will operate only with a tuned (resonant) circuit, which provides a full cycle of operation for the tuned 
or resonant frequency. This operating class is therefore used in special areas of tuned circuits, such 
as radio or communication.
Class D: This operating class is a form of amplifier operation using pulse (digital) signals, which are 
on for a short interval and off for a longer interval. Using digital techniques makes it possible to obtain 
a signal that varies over the full cycle (using sample-and-hold circuitry) to recreate the output from 
many pieces of input signal. The major advantage of class D operation is that the amplifier is on 
(using power) only for short intervals and the overall efficiency can practically be very high, as 
described next.
3
Amplifier Efficiency
The power efficiency of an amplifier, defined as the ratio of power output to power input, improves 
(gets higher) going from class A to class D. In general terms, we see that a class A amplifier, with dc 
bias at one-half the supply voltage level, uses a good amount of power to maintain bias, even with no 
input signal applied. This results in very poor efficiency, especially with small input signals, when very 
little ac power is delivered to the load, In fact, the maximum efficiency of a class A circuit, occurring 
for the largest output voltage and current swing, is only 25% with a direct or series-fed load 
connection and 50% with a transformer connection to the load. Class B operation, with no dc bias 
power for no input signal, can be shown to provide a maximum efficiency that reaches 78.5%. Class 
D operation can achieve power efficiency over 90% and provides the most efficient operation of all 
the operating classes. Since class AB falls between class A and class B in bias, it also falls between 
their efficiency ratings-between 25% (or 50%) and 78.5%. Table 15.1 summarizes the operation of 
the various amplifier classes. 
This table provides a relative comparison of the output cycle operation and power efficiency for the 
various class types. In class B operation, a push-pull connection is obtained using either a 
transformer coupling or by using complementary (or quasi-complementary) operation with npn and
pnp transistors to provide operation on opposite polarity cycles. While transformer operation can 
provide opposite cycle signals, the transformer itself is quite large in many application. A transformer
less circuit using complementary transistors provides the same operation in a much smaller package. 
Circuits and examples are provided later in this chapter.
15.2 SERIES-FED CLASS A AMPLIFIER
This simple fixed-bias circuit connection shown in Fig. 15.2 can be used to discuss the main features 
of a class A series-fed amplifier. The only differences between this circuit and the small-signal version 
considered previously is that the signals handled by the large-signal circuit are in the range of volts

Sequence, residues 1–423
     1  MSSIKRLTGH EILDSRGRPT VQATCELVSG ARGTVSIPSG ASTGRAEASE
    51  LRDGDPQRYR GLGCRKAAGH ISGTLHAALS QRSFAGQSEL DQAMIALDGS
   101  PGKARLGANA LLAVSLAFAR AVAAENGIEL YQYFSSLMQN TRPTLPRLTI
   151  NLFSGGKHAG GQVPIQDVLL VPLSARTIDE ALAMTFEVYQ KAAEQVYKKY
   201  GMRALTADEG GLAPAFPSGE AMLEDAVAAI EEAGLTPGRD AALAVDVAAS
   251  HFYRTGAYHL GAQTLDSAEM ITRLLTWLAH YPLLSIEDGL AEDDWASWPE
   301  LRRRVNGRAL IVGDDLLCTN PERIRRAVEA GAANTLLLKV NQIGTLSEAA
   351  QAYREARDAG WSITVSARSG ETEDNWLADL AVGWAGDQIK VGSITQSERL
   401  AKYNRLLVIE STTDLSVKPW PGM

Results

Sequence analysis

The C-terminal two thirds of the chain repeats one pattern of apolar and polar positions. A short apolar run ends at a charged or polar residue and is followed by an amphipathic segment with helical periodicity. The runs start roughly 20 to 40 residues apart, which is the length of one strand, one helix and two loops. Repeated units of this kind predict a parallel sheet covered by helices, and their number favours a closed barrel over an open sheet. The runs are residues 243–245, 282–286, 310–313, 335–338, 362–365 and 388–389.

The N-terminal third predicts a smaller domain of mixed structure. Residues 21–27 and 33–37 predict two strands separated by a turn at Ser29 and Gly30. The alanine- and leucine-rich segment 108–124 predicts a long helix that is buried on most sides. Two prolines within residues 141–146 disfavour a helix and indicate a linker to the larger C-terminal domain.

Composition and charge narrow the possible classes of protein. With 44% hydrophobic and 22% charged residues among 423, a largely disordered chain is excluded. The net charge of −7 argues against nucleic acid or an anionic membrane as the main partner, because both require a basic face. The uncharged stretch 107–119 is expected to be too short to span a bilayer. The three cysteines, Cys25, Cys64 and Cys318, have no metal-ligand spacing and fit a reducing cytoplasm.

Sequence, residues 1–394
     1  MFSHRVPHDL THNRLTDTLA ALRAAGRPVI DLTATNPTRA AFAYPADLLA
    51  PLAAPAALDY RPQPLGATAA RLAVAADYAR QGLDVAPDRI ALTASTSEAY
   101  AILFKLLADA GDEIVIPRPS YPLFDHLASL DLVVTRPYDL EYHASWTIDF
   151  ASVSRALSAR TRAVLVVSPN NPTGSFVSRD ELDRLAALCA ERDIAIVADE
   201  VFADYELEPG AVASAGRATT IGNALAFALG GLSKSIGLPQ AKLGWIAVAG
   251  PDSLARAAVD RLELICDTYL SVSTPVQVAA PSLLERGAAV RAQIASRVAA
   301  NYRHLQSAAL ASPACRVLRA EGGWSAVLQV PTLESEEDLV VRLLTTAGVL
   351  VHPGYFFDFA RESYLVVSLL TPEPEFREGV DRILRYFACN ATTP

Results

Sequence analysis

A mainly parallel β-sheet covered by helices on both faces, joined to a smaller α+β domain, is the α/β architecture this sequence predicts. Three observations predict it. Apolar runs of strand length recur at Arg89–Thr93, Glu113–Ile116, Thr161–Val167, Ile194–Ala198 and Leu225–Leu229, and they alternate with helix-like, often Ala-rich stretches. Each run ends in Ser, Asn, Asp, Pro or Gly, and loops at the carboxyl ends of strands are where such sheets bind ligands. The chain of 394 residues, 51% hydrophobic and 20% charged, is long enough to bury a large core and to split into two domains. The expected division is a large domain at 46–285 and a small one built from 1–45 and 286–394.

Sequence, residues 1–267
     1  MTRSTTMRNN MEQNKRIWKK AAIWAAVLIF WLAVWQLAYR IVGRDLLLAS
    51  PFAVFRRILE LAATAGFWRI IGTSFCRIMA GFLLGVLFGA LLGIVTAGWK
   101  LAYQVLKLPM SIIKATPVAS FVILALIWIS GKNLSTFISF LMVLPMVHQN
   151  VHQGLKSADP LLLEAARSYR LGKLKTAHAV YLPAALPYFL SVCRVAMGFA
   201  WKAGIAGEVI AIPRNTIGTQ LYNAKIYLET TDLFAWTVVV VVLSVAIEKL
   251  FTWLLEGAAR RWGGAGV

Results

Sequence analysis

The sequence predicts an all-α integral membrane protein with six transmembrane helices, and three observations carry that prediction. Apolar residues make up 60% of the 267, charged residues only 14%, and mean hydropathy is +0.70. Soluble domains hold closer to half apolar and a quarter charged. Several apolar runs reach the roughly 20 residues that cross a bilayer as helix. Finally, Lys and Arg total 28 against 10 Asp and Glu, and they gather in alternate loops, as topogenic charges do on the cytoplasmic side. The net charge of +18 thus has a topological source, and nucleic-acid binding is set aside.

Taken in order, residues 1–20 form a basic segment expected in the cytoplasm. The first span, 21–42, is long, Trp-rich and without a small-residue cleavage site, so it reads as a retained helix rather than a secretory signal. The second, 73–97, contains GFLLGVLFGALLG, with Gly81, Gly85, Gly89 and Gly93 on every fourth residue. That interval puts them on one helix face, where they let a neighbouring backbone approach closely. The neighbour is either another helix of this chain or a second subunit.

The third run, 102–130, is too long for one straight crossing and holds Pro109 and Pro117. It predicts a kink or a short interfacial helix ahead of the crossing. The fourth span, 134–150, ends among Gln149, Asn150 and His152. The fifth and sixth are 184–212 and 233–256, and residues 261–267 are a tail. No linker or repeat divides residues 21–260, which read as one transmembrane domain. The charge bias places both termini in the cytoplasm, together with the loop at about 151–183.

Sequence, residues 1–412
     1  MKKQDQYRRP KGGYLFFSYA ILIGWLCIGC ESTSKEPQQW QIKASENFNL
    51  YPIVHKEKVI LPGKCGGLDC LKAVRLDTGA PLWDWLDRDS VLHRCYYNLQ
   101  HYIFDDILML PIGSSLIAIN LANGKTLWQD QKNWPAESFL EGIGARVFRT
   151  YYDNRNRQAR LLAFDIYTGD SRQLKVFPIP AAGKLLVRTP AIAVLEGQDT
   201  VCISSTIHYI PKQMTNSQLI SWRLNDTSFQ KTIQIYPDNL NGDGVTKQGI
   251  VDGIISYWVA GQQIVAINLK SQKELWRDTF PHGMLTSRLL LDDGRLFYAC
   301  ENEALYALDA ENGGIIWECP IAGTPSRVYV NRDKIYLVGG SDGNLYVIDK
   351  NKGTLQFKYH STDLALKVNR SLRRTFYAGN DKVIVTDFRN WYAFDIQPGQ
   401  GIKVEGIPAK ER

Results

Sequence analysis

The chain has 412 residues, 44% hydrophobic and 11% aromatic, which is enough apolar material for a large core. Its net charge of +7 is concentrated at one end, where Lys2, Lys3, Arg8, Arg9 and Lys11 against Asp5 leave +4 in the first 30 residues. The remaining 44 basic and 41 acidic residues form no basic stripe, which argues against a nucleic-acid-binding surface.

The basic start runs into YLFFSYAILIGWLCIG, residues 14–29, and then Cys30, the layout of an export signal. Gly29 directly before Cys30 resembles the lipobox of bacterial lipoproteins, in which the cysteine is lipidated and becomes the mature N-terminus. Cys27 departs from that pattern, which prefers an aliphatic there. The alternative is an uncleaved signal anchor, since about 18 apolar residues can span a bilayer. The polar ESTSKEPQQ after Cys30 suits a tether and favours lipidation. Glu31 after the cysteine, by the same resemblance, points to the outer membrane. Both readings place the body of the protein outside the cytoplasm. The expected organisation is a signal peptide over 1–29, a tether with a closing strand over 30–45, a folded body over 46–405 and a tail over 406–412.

and the transistor used is a power transistor  that is capable of operating in the range of a few to tens 
of watts. As will be shown in this section, this circuit is not the best to use as a large-signal amplifier
because of its poor power efficiency. The beta of a power transistor is generally less than 100, the 
overall amplifier circuit using power transistors that are capable of handling large power or current 
while not providing much voltage gain.
Page 4


1
POWER AMPLIFIERS
15.1 INTRODUCTION-DEFINITONS AND AMPLIFIER TYPES
An Amplifier receives a signal from some pickup transducer or other input source and provides a 
larger version of the signal to some output device or to another amplifier stage. An input transducer 
signal is generally small (a few millivolts from a cassette or CD input or a few microvolts from an 
antenna) and needs to be amplified sufficiently to operate an output device (speaker or other power-
handling device). In small signal amplifiers, the main factors are usually amplification linearity and 
magnitude of gain , since signal voltage and current are small in a small-signal amplifier, the amount 
of  power-handling capacity and power efficiency are of little concern. A voltage amplifier provides 
voltage amplification primarily to increase the voltage of the input signal. Large-signal or power 
amplifiers, on the other hand, primarily provide sufficient power to an output load to drive a speaker or 
other power device, typically a few watts to tens of watts. In the present chapter, we concentrate on 
those amplifier circuits used to handle large-voltage signals at moderate to high current levels. The 
main features of a large-signal amplifier are the circuit's power efficiency, the maximum amount of 
power that the circuit is capable of handling, and the impedance matching to the output device.
One method used to categorize amplifiers is by class. Basically, amplifier classes represent the
amount the output signal varies over one cycle of operation for a full cycle of input signal. A brief 
description of amplifier classes is provided next.